"For surely I know the plans I have for you, says the Lord, plans for your welfare and not for harm, to give you a future with hope." (Jeremiah 29:11

What are the opportunities, resources and people that God has placed in your path?  How have you been open to God's leading and guiding?

I had our confirmation students memorize the verse from Jeremiah as they continue to make their life plans and to look for the ways that God is a part of that plan.   How about you doing the same?

Thursday, April 11, 2013

Notes to live by

In my readings, I come across many quotes that catch my attention.  Often, it will warrant a highlight or a mark on the page (though it is a bit more difficult with an e-reader).  Others are ones that I want to take with me, and so I write them in a notebook.  Still others, I feel as if I need to keep them before my eyes on a more regular basis.  So, if you were to look at all the post-its, scraps of paper and the like posted above and around my computer, you would find them.  Some of them eventually make their way into my notebook after they have served their purpose or I find another one that conveys a similar message.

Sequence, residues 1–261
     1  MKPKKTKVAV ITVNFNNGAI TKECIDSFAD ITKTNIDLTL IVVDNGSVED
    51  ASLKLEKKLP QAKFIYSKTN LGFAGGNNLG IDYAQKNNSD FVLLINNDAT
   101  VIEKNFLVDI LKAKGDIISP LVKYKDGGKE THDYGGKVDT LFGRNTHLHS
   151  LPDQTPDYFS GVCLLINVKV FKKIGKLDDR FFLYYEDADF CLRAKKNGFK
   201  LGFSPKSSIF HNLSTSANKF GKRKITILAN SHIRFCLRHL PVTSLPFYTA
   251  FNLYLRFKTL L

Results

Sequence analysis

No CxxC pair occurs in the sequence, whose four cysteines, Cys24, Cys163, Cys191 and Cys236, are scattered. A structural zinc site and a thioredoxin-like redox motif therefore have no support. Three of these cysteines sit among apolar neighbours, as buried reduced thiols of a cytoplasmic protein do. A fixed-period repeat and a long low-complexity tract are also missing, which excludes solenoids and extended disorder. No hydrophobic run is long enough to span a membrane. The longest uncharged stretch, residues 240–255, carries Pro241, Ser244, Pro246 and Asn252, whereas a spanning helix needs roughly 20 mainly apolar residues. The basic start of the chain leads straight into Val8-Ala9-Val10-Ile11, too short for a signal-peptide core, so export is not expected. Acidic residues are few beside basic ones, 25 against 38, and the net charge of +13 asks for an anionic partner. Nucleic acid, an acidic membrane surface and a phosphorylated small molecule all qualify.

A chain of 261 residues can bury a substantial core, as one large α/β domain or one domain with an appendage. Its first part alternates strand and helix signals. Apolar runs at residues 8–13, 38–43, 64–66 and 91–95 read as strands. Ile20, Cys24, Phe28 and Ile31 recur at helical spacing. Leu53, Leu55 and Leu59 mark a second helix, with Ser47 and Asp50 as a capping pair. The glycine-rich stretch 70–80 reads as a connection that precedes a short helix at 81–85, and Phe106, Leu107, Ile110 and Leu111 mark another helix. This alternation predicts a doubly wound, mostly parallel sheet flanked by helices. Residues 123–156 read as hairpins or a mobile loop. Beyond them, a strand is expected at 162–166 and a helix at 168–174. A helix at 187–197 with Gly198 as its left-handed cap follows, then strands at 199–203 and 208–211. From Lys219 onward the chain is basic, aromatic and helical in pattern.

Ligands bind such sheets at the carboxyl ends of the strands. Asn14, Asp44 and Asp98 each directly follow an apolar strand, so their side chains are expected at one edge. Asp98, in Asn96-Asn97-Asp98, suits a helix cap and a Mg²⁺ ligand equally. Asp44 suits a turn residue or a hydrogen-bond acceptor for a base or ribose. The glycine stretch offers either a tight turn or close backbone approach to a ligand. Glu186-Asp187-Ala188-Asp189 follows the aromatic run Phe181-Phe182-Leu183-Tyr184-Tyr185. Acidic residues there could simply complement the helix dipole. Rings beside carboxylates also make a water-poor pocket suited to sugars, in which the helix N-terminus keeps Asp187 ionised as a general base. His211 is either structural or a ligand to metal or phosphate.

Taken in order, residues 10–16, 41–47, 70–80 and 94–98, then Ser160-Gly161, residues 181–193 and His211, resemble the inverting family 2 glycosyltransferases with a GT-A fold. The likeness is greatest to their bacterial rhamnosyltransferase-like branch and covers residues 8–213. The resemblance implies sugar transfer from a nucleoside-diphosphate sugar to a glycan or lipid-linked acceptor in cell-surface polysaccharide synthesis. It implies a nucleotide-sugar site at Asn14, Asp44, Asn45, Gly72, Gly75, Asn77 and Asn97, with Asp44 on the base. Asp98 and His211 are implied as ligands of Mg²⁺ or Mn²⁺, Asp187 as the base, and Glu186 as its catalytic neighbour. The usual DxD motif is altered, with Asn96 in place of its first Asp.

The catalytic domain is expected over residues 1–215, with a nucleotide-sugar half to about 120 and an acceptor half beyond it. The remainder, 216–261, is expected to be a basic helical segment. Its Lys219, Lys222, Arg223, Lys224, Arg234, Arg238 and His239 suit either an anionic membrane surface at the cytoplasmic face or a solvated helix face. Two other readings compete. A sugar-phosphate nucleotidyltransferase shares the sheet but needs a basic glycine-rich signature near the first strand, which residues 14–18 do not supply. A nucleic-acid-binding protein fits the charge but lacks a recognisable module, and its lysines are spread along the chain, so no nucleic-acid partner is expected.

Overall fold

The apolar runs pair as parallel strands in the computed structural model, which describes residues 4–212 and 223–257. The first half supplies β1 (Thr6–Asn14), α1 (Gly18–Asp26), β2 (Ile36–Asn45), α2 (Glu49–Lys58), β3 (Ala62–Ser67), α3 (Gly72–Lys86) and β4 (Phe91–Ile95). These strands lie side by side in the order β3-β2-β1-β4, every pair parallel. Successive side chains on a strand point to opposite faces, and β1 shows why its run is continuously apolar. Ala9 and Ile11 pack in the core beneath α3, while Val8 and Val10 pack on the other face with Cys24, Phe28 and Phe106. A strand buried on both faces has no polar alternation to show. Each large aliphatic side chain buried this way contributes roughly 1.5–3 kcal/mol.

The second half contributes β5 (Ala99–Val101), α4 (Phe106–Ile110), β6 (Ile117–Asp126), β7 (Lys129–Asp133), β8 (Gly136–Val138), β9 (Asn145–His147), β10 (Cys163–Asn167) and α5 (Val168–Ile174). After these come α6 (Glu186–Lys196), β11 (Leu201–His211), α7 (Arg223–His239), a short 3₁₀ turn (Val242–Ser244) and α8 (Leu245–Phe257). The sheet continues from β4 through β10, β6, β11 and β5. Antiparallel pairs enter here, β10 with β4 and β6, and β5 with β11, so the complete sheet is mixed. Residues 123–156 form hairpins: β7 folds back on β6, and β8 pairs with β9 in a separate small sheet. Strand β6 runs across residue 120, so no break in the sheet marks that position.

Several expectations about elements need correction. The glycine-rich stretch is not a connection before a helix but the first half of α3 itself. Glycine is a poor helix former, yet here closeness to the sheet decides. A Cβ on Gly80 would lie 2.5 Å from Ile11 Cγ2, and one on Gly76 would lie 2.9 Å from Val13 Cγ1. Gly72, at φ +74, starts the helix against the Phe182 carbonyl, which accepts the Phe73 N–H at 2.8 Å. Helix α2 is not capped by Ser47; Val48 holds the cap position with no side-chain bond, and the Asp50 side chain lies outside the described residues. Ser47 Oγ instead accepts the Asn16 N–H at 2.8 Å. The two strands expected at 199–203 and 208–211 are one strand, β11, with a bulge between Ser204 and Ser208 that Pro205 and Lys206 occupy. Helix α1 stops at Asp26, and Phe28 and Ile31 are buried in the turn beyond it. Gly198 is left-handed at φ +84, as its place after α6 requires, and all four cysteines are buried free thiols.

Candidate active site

Here are a few of the quotes:
"Relying on God has to begin every day as if nothing had yet been done." (C.S. Lewis)

"The Church needs to develop a spirituality of mission, learning to discern, discover, participate, be patient and be dependant on God's grace." (Carlos F. Cardoza-Orlandi)

Others are prayers:
"Use me, God.  show me how to take who I am, who I want to be, and what I can do, and use it for a purpose greater than myself." (Martin Luther King, jr.)

"Gracious and holy God, give us wisdom to percieve you, diligence to seek you, patience to wait for you, eyes to behold you, a heart to meditate on you, and a life to proclaim you; through the power of the Spirit of Jesus Christ our Savior."  (A prayer of St. Benedict)

Reflect upon these quotes - do they speak to your own journey of faith and if so, why? 
What other quotes have you found to be inspirational or helpful in your life? 
Share those here with others.